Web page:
While legislation that trespasses on private belief has no place on the statute-book of an enlightened community, repeal has to navigate round two formidable rocks - the views of the Director of Mental Health Services, Dr A.S. Ellis, and police insistence on safeguards over the use of monitoring devices known as E-metres.
Dr Ellis is adamant that the ban on scientology should remain. He brings the full weight of expert medical opinion behind the contention that scientology is considered a medical, moral and social danger and a threat to family and home life. These are too dangerous waters for laymen to venture forth with an opinion.
On the other hand, Dr Ellis makes the valid point that no-one is forced into scientology, though it does attract the ignorant, weak, credulous and emotionally unstable, and that it is difficult to break away from the cult because of the insidious processing techniques it uses.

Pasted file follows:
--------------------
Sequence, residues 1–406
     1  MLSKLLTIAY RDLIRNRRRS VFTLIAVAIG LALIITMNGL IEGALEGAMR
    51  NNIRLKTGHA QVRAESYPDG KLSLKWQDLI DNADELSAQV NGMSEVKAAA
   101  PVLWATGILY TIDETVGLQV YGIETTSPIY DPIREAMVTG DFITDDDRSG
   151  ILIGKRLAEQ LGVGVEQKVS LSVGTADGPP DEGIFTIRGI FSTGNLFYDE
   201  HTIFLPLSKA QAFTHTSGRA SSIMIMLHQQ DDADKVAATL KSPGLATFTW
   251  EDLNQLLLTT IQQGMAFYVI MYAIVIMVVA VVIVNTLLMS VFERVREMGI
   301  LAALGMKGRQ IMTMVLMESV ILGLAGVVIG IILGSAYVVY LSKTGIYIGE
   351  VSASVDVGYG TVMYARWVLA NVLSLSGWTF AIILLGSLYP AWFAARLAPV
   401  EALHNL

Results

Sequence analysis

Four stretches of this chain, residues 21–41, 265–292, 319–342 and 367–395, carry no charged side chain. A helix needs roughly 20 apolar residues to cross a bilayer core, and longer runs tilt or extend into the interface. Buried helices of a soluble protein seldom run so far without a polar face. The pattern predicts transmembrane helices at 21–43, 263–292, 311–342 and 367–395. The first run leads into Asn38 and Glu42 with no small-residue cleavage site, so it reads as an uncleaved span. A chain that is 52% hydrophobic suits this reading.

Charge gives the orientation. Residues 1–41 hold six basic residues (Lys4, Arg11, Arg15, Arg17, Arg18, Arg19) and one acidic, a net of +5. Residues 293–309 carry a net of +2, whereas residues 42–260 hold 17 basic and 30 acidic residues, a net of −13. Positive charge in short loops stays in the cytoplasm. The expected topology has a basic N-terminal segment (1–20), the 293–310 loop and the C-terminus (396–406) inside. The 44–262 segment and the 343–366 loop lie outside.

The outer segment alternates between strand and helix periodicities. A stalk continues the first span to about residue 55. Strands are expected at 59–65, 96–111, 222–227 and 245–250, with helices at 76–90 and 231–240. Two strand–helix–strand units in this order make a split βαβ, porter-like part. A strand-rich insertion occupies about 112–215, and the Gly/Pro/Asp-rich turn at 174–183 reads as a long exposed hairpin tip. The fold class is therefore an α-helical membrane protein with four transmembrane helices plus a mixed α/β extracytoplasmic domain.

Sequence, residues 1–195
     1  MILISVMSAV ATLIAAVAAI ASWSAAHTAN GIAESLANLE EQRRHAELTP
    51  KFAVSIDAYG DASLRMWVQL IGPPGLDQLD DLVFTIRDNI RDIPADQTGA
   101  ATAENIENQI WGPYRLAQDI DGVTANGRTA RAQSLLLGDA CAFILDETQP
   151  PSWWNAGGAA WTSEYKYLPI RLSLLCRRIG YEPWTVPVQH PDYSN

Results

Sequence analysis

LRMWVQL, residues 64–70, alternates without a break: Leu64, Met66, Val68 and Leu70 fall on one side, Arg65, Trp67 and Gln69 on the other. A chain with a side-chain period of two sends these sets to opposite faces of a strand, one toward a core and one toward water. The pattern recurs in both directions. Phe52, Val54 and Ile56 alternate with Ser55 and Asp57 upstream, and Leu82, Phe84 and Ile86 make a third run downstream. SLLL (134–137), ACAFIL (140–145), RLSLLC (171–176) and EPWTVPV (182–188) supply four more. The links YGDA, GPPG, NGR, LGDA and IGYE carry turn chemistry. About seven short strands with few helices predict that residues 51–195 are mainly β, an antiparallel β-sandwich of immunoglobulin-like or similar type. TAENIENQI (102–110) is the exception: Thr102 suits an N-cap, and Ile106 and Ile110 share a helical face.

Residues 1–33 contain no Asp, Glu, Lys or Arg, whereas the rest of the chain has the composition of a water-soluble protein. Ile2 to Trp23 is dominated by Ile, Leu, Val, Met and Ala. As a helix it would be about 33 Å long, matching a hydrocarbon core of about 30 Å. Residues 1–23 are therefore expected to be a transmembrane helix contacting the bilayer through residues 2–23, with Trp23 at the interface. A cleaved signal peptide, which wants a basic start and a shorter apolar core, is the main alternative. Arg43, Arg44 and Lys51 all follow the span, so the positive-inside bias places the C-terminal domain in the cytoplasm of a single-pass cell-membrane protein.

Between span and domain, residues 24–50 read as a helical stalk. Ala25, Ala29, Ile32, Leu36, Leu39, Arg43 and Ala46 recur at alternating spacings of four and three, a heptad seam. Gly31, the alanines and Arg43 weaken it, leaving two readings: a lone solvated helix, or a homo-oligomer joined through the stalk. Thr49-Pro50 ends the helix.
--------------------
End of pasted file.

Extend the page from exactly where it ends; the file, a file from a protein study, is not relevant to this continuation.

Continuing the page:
Though the police are in favour of repealing the Act, there appears to be some confusion over control of E-meters, and the public has the right to expect Government clarification on this issue. It is not enough to say there is no point in having the meters controlled under the Public Health Act.
The Government's argument for repeal is that the Act is not enforceable as it stands. This is an intolerable situation. Ineffective legislation encourages contempt for the law, but the case for lifting the scientology ban does not rest in the State's difficulties in enforcing it. The real issue at stake is the freedom of people to do as they please - so long as they do no harm to others.
[Note: In the second paragraph, "E-metres" is the spelling used in the original.]